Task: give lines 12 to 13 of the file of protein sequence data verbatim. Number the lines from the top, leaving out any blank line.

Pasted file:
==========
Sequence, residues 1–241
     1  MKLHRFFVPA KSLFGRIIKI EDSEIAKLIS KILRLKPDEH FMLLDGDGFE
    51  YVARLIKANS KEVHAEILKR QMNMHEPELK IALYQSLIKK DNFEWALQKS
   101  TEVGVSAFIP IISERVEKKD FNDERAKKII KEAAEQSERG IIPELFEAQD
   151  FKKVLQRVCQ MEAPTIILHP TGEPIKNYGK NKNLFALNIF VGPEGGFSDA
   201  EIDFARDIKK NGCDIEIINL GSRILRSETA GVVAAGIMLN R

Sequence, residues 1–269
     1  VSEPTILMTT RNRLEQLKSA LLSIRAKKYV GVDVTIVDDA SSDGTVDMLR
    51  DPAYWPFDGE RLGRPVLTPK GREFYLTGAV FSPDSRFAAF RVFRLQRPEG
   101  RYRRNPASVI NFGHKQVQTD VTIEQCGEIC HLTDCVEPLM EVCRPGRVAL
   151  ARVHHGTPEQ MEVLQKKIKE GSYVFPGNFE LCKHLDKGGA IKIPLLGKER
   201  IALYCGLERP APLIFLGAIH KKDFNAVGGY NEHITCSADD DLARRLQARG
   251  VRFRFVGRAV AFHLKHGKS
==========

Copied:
   201  IALYCGLERP APLIFLGAIH KKDFNAVGGY NEHITCSADD DLARRLQARG
   251  VRFRFVGRAV AFHLKHGKS